The alternative vote will not solve our democratic problems. Electoral reformers should vote against AV in the forthcoming referendum.
AV is not proportional and can exaggerate landslide elections. In 1997, for example, it is probable that Blair would have had a majority of over 200 with AV. It exaggerates the tendency of our current system to direct voters into a two-sided competition. Smaller parties, such as the Greens, are no more likely to be elected than today.
AV is likely to derail reform. If AV proves durable, another disproportional system will be entrenched for decades, as it has been in Australia. If it does not, then the next step is far more likely to be back to the familiarity of first past the post than forward to a proportional system. Where there's a cultural tradition of FPTP the political reflex is to gravitate back to it. Two western provinces of Canada re-implemented FPTP after using AV. To believe that AV must be supported to sustain the momentum of reform appears misguided.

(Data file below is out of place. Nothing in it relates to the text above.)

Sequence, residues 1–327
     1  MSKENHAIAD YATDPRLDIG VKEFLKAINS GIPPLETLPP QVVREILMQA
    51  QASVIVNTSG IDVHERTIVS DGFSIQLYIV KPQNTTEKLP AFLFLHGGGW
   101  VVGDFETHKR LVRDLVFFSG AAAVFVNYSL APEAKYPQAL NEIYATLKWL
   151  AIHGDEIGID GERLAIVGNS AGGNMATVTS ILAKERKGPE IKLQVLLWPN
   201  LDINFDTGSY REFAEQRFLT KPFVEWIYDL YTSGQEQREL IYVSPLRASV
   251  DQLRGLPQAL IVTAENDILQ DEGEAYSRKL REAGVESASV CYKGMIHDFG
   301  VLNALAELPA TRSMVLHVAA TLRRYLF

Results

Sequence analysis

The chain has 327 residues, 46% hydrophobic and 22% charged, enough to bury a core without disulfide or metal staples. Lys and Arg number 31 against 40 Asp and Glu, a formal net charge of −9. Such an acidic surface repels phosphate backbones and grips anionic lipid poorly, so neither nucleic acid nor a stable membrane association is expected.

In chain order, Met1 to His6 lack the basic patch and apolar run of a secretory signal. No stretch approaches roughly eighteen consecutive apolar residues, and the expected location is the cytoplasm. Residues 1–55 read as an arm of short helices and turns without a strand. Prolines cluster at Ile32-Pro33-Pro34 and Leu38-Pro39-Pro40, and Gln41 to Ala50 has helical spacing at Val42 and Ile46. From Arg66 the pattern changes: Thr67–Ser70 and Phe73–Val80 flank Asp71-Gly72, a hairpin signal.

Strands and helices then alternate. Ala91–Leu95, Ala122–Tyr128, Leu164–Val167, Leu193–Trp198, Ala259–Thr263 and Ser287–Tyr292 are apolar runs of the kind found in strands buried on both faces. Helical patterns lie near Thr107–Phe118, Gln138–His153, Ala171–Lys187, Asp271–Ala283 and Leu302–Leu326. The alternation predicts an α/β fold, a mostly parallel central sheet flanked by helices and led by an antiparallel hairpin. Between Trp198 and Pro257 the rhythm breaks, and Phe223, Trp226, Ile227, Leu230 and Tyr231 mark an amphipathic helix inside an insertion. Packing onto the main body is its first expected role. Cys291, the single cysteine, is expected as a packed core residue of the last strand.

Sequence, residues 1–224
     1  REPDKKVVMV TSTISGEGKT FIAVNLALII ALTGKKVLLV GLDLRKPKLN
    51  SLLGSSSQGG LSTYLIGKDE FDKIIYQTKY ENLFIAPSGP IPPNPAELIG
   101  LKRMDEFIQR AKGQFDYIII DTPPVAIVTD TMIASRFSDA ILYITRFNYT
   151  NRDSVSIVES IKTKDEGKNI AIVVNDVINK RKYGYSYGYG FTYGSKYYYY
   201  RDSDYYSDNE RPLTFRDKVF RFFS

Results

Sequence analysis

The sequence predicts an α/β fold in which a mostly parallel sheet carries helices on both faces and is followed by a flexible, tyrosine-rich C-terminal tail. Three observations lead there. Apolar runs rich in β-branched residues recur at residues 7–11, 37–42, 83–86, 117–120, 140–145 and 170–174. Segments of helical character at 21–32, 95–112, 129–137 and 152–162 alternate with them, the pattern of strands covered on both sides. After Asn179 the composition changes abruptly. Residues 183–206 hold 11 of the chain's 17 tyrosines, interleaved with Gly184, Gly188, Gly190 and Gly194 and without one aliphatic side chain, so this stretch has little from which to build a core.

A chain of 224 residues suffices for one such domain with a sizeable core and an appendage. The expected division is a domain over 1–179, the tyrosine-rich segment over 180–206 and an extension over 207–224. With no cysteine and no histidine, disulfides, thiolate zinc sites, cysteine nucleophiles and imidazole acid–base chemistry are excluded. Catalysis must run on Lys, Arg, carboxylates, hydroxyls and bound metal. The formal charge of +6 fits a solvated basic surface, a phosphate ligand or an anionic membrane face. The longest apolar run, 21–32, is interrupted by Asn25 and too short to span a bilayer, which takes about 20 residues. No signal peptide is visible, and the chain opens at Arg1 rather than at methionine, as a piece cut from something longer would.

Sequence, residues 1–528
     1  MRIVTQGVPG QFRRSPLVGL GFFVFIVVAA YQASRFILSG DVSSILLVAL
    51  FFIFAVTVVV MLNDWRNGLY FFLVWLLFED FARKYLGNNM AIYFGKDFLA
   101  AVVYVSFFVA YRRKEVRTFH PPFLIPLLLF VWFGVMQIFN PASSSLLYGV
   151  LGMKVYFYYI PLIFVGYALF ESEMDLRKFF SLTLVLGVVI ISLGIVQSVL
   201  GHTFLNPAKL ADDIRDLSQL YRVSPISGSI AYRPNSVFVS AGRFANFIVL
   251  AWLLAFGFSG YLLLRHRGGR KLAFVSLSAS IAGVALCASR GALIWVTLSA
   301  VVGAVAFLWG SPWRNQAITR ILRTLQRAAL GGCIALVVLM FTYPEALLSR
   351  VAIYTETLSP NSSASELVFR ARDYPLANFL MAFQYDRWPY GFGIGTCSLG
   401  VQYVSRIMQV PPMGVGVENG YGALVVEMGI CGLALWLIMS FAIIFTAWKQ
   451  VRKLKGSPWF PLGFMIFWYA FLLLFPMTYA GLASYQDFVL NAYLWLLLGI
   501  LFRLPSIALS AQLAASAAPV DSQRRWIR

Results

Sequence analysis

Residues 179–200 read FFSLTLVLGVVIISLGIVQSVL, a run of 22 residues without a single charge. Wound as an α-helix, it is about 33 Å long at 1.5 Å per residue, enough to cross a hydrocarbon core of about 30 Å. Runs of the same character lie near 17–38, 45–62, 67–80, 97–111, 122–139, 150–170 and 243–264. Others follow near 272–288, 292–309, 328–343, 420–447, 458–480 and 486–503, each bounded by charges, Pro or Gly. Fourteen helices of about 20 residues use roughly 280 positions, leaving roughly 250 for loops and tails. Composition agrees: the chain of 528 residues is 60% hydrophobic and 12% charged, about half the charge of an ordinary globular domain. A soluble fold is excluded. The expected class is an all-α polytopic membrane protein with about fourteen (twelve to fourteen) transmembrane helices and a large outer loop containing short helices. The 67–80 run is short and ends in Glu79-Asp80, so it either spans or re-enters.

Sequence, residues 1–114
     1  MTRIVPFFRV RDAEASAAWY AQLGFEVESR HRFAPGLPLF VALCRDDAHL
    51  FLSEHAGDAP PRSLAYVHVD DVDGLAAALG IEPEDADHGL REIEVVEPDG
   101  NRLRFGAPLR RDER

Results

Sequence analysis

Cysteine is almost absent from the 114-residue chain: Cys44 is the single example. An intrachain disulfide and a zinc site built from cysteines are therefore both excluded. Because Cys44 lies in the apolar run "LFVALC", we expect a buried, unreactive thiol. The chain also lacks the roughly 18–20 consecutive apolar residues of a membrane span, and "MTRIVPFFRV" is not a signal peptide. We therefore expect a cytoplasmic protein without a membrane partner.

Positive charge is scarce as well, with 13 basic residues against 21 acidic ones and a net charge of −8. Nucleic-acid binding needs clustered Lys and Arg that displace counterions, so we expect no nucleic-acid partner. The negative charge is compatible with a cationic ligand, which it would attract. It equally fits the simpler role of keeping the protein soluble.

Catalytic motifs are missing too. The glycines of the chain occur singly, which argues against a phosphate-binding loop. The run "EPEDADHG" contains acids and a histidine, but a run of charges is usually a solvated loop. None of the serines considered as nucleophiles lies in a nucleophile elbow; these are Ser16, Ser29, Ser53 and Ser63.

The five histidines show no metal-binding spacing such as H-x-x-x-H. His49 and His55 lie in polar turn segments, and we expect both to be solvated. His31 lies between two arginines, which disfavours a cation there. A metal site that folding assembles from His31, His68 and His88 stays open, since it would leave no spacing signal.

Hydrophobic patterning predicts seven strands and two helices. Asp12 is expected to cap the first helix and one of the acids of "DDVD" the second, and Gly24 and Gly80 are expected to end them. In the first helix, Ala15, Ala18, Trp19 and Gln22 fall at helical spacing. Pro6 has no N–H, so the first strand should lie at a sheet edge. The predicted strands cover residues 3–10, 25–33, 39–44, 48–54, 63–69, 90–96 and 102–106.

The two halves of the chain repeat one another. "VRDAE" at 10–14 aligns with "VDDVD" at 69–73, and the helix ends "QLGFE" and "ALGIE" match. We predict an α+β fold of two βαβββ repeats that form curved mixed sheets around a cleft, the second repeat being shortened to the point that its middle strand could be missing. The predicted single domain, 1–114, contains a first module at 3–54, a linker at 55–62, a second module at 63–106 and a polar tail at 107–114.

AV gives minority parties greater electoral leverage but without democratic accountability. A minority party can barter with larger parties, urging its supporters to give the larger party their second preferences in return for policy concessions. Smaller parties should be heard, but transparently and after receiving a mandate.
Let's not fall foul of this referendum's false dilemma. The question on the ballot reads: should AV be used instead of FPTP Most reformers would say: "No, PR should."
Wednesday, 9 February 2011
WHY WE SHOULD VOTE DOWN AV
Antony Brown, Thomas Lundberg, John Cox and Brian Wilson have a pithy letter in today's Independent: